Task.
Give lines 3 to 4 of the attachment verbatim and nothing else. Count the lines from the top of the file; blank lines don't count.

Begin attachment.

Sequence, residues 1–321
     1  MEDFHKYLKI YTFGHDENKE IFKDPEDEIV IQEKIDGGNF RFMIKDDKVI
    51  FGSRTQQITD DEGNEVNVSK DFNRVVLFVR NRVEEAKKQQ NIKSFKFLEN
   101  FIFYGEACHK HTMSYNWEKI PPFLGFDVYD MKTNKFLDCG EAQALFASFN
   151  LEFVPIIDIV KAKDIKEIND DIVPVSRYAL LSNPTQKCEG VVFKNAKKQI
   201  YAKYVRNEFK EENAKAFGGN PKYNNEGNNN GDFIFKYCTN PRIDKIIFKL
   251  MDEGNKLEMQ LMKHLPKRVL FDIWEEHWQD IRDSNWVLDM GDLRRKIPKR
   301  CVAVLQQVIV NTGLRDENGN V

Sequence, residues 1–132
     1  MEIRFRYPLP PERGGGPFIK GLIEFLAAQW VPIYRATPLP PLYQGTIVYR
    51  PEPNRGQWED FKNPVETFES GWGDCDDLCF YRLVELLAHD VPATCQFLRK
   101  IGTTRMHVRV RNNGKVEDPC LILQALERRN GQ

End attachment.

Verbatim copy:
    51  FGSRTQQITD DEGNEVNVSK DFNRVVLFVR NRVEEAKKQQ NIKSFKFLEN
   101  FIFYGEACHK HTMSYNWEKI PPFLGFDVYD MKTNKFLDCG EAQALFASFN